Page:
RVIA Economic Impact Study

The Recreation Vehicle Industry Association commissioned an Economic Impact Study on the RV industry, released on June 7, 2016. The study found that the RV industry contributes about $49.7 billion in economic output or 0.28 percent of the Gross Domestic Product. Through its production and distribution linkages, the industry impacts firms in 426 of the 440 sectors of the United States economy.

Nationwide, the industry is responsible for 216,170 jobs, both directly and inderectly, creating an economic impact of $37.5 billion. The full study results, along with each individual state and congressional district's economic impact is available on the website by clicking here .

Hellwig Hires Veteran as R&D Engineer

Tue Sep 13, 2016

147378707830168.jpgVisalia, California - Hellwig Suspension Products has announced that veteran mechanical engineer Andrew Nosé has joined the staff as its new R&D Engineer.

Keeping up with the demand for the constant research and development needed for its ever-expanding product catalog called for another experienced enthusiast to aid Director of Engineering Ben Knaus, according to a press release. Now, with the addition of Nosé as its new Research and Development Engineer, Hellwig has the talent needed to continue expanding its product line and grow into new markets.

“We are excited to have Andrew Nosé join the Hellwig Suspension Products family,” Hellwig Vice President Melanie White says. “He brings a wealth of knowledge and experience in the engineering, process control and project management fields as well as strong passion for the automotive industry. Andrew will work to develop and tune performance sway bar kits, air spring kits and leaf helper spring kits as well as work directly with our OE and private label customers to assess their needs and to deliver solutions.”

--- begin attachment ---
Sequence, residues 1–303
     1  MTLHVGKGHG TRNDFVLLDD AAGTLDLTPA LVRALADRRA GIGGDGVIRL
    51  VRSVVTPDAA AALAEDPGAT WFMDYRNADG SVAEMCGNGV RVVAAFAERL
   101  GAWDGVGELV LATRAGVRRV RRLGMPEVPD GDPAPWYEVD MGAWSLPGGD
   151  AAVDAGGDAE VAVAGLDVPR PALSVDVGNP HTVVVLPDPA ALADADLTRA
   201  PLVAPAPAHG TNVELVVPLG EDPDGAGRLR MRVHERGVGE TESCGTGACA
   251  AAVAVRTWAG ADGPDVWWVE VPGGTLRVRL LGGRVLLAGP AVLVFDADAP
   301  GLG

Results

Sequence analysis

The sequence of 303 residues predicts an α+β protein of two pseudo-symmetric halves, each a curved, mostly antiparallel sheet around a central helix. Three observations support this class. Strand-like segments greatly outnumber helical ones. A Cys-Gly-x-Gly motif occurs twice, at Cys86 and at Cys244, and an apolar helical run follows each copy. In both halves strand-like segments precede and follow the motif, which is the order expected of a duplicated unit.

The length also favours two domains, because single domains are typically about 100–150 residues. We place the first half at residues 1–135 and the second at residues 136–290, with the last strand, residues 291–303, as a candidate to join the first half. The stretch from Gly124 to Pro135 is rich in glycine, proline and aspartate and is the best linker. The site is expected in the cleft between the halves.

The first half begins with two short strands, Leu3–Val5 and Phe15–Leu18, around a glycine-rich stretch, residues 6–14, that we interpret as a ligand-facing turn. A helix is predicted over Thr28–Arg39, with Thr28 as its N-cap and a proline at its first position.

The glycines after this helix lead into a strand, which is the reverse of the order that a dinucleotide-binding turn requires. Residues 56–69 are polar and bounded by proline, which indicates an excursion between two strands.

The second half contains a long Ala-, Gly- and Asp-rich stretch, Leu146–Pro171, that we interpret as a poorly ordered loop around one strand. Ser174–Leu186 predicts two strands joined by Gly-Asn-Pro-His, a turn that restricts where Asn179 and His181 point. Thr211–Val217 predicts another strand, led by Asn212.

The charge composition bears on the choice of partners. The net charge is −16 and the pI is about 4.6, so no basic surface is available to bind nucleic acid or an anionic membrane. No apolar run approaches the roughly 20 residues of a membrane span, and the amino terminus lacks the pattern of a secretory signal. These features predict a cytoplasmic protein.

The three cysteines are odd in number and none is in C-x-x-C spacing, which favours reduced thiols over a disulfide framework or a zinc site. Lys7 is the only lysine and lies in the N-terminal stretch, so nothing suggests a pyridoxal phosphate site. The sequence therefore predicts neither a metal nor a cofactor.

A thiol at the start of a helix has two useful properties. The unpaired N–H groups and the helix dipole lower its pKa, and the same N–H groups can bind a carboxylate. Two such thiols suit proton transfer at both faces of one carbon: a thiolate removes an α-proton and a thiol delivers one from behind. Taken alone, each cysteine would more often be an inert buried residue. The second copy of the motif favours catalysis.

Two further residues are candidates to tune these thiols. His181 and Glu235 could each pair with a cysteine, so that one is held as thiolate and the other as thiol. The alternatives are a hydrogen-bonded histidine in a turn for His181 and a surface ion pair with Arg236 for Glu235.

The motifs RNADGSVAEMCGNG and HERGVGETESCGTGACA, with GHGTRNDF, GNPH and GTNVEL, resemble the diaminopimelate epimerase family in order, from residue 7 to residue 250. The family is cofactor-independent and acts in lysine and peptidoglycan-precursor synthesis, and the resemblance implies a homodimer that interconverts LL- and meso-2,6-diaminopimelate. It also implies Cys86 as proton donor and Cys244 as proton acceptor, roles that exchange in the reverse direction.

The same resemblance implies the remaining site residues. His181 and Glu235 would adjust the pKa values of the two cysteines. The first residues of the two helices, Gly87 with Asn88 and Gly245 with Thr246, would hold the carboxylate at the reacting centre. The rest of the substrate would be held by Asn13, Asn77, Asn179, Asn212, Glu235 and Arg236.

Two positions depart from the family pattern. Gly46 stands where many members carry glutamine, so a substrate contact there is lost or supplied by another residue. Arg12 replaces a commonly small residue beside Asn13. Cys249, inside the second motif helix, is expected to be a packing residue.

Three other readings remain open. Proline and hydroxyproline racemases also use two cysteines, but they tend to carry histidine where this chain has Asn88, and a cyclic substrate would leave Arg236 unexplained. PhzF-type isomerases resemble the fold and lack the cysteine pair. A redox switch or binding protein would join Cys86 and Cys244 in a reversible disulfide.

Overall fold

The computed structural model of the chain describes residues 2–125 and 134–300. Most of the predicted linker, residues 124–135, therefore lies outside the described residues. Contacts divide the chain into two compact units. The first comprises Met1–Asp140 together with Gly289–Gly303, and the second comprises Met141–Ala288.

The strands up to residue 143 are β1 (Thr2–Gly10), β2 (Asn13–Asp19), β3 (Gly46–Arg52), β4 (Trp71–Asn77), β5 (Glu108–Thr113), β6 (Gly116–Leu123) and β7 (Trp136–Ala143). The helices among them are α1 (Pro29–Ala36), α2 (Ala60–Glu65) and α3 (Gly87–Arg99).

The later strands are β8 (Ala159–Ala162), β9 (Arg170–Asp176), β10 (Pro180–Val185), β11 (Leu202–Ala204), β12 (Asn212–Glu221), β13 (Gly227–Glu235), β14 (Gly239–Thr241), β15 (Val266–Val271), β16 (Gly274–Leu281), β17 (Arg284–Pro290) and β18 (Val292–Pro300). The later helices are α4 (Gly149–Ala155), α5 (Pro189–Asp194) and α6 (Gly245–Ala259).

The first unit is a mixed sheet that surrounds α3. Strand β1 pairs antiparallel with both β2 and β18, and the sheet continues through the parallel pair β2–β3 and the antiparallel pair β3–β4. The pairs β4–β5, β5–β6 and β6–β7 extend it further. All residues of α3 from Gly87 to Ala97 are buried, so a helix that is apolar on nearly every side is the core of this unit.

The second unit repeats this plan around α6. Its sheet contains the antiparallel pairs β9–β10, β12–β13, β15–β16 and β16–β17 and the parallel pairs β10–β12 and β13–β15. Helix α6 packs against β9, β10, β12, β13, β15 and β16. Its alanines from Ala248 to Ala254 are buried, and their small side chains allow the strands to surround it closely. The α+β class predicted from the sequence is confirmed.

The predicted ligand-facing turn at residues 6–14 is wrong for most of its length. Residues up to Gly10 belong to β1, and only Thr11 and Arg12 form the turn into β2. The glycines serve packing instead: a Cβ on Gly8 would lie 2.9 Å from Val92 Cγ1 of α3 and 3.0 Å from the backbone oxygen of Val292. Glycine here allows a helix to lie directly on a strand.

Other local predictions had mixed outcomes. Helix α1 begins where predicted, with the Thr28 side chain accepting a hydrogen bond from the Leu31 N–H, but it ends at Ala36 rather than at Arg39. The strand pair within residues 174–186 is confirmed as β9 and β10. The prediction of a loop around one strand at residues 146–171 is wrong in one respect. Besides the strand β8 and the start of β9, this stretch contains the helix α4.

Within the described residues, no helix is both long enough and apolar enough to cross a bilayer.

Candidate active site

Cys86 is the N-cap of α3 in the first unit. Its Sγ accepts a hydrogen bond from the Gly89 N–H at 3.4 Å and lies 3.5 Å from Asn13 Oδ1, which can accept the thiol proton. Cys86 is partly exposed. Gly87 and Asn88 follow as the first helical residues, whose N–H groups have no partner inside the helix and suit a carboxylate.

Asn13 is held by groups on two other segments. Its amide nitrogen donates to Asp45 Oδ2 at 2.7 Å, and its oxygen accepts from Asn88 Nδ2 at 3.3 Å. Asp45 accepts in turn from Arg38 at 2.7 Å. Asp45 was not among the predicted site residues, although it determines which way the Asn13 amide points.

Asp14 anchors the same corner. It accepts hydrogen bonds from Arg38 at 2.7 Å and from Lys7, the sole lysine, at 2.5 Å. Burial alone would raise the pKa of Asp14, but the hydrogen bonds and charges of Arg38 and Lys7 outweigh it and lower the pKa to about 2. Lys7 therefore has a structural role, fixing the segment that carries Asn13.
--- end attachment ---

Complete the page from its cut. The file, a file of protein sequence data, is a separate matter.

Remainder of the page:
Nosé’s background in engineering began at Santa Clara University where he graduated with a Bachelor of Science degree in Mechanical Engineering. After college, Nosé went to work at a ductile iron pipe foundry where he managed capital projects for new business, expansion, cost reduction, replacement and environmental projects. Additionally, he designed and implemented new machinery and conducted Kaizen events and standardized the manufacturing process to improve the process capability and reduce waste in the operation. The next stop in Nosé’s career path led him to the Exploratorium in San Francisco where he designed, fabricated and assembled interactive exhibits for the hands-on learning museum. When he isn’t working he enjoys wrenching on his 1972 BMW 2002 and a 1971 Honda CB500.